Summary: “The Supreme Court has put on hold a controversial 2013 Texas abortion law — a sign that it will likely take up the major abortion challenge in its next term. The Fifth Circuit Court of Appeals previously found the Texas restriction, which requires abortion clinics to make costly upgrades to become ambulatory surgical centers, to be constitutional. An abortion clinic in Austin asked the Supreme Court to step in and block that ruling from taking effect until the justices had decided whether or not to review that Fifth Circuit decision. On Monday, the justices agreed.” Sarah Kliff, “Supreme Court blocks controversial Texas abortion la, Vox.
Summary: The Affordable Care Act’s health insurance subsidies to low-income people will continue, the Supreme Court ruled today. In a much-anticipated ruling on the challenge to the law, the government won. Federal tax subsidies will continue to individuals who qualify by income level and who bought insurance plans relying on subsidies in states that used the federal exchange site, healthcare.gov, as well as states that built their own exchanges, in a decision in the case King vs. Burwell.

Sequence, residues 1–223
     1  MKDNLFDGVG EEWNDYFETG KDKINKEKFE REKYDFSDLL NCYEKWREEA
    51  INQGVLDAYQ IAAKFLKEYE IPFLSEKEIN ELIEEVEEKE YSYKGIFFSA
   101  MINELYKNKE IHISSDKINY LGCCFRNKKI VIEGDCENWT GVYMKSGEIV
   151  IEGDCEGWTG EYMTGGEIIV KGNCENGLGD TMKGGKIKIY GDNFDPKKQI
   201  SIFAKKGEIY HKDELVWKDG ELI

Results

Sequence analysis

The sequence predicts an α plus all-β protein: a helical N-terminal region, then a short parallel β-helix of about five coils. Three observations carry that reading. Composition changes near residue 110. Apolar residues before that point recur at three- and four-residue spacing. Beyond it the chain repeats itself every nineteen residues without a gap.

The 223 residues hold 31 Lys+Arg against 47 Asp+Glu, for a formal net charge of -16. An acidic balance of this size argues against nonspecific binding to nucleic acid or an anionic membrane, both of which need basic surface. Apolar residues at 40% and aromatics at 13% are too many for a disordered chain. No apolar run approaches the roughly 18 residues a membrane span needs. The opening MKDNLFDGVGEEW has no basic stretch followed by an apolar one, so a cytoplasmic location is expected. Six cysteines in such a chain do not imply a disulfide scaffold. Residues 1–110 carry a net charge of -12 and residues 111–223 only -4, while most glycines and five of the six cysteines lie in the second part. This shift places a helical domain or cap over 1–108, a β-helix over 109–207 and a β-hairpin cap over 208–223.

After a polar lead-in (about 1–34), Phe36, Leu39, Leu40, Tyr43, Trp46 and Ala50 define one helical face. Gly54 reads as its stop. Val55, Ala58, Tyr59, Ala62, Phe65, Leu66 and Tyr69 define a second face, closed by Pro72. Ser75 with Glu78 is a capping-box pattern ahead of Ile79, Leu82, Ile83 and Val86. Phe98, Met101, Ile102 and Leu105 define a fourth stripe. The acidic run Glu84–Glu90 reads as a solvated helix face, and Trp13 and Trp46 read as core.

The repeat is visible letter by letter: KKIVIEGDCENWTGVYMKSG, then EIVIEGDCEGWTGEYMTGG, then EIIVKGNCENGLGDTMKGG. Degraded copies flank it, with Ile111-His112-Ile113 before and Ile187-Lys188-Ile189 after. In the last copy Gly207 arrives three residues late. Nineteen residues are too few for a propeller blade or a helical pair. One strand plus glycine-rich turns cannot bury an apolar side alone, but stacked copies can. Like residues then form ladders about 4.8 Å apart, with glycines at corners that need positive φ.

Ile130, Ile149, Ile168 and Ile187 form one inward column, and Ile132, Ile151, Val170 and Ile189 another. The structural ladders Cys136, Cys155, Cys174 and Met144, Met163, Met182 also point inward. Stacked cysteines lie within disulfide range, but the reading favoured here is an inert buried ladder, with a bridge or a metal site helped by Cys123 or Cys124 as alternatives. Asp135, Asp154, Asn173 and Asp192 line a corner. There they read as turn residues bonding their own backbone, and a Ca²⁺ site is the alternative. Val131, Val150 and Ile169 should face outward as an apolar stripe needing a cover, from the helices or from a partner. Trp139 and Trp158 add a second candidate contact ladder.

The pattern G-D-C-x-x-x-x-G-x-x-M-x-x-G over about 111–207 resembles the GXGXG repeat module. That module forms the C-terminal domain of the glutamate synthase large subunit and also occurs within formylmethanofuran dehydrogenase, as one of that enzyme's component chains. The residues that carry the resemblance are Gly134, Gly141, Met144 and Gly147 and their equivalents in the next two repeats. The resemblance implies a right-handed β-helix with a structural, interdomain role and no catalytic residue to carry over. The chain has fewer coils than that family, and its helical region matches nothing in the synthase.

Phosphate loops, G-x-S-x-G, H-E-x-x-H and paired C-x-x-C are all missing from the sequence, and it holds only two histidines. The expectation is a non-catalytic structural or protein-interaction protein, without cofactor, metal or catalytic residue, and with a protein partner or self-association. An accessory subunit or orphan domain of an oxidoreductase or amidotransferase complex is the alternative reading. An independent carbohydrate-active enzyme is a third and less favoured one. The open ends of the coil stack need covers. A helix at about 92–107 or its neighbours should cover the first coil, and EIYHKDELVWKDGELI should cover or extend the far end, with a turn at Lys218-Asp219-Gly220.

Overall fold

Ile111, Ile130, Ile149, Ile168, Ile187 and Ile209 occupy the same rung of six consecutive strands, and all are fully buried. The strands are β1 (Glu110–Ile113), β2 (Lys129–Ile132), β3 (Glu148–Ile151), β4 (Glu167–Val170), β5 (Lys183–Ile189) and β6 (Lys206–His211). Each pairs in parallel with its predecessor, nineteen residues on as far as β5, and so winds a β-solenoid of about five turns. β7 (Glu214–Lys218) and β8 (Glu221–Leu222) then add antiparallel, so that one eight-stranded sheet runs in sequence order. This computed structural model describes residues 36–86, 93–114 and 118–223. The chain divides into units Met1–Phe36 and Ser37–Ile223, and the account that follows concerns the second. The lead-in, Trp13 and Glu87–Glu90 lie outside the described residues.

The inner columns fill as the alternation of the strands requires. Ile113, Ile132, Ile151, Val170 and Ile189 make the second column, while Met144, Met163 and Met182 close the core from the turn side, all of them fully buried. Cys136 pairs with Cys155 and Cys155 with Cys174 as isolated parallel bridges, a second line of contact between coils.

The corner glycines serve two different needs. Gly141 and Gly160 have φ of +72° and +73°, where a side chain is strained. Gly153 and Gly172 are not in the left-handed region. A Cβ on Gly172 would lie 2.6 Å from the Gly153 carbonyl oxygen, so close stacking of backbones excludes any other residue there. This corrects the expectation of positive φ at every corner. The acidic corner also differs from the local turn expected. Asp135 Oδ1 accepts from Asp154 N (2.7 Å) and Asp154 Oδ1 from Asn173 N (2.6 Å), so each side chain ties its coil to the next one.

Summary: Cash prices for medical procedures are getting easier to find. Here’s a price listing page from the Palo Alto Medical Foundation web site, which lists prices in categories like “diagnostic imaging” and “doctors office visit.” The site explains: “The services below have drop-down menus that show charges for frequently used services provided by Palo Alto Medical Foundation. The amounts you see are the most you would pay before any discounts that may be available to you. The charges also do not include any additional procedures that may be done as part of the visit. If you can’t find the service you are looking for, please call (888) 398-5677.” Cost of Services at Palo Alto Medical Foundation.”